Veganism is becoming a lifestyle choice among several millennials. But there are still certain questions. For example, are meat substitutes such as suds protein, nuts, legumes or fake meat sufficient to meet the body’s protein requirements? A new study has found that the proteins found in a plant-based alternative to chicken are not as readily available to human cells as those from the meat.
The study was published in the journal “Journal of Agricultural and Food Chemistry.”
For the study, Da Chen, Osvaldo Campanella and their colleagues examined the possibility that human cells can also absorb the same amount of peptides from a meat substitute as from a chicken.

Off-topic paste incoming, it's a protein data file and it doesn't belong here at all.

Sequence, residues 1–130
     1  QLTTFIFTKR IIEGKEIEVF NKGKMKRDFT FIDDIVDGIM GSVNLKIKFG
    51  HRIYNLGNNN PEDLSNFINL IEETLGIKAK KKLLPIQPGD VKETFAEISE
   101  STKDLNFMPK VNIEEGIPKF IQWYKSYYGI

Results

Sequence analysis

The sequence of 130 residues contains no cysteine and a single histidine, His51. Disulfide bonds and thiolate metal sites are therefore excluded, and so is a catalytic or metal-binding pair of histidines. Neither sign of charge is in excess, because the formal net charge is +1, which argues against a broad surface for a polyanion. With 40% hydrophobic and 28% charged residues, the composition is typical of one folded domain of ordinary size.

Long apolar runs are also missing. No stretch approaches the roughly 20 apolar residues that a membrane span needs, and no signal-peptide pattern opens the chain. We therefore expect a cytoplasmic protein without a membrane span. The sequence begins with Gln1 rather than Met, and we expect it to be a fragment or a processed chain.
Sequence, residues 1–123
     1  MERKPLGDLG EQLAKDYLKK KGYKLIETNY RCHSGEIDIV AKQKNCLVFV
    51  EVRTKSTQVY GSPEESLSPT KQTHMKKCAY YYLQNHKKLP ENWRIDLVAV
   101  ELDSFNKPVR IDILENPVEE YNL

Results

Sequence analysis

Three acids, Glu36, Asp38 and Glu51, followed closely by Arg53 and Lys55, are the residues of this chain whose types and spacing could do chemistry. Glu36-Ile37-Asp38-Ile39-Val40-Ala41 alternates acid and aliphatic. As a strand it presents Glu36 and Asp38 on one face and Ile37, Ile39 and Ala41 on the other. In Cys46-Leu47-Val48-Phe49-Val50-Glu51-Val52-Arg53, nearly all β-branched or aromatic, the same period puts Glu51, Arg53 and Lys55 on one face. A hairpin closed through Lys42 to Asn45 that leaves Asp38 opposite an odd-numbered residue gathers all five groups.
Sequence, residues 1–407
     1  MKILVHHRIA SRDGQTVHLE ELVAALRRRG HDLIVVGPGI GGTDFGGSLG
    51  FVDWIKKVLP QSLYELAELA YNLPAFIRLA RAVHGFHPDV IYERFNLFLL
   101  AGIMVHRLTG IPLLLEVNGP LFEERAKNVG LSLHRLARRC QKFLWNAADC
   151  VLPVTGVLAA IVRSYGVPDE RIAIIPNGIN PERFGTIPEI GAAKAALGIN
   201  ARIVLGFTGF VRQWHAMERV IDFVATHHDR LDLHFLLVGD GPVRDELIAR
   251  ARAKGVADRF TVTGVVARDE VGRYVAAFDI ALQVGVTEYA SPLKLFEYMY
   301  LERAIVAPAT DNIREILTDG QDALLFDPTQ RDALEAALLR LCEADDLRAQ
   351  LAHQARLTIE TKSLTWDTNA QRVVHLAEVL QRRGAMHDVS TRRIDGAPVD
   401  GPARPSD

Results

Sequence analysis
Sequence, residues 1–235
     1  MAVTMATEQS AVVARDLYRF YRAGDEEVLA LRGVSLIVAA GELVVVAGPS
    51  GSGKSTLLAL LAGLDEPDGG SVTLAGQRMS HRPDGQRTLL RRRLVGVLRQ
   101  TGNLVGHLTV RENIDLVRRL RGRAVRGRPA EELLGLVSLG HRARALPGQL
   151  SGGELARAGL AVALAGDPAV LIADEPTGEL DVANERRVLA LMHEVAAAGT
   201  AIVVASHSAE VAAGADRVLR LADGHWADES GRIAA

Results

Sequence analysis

The process of extrusion allowed the researchers to create a meat alternative made from wheat gluten and soy. When cut open, the pieces of material resembled chicken. After it was ground, the pieces were broken down using an enzyme commonly used by humans to digest food.
The tests, done under lab conditions in a test tube rather than in the human body, revealed that the peptides from the plant-based meat substitutes were less soluble in water than those from chicken. They also didn’t work well with human cells.
The aim of the study, according to the researchers, is for nutritionists to develop new strategies to increase the uptake of these peptides from plant proteins by human cells using other ingredients.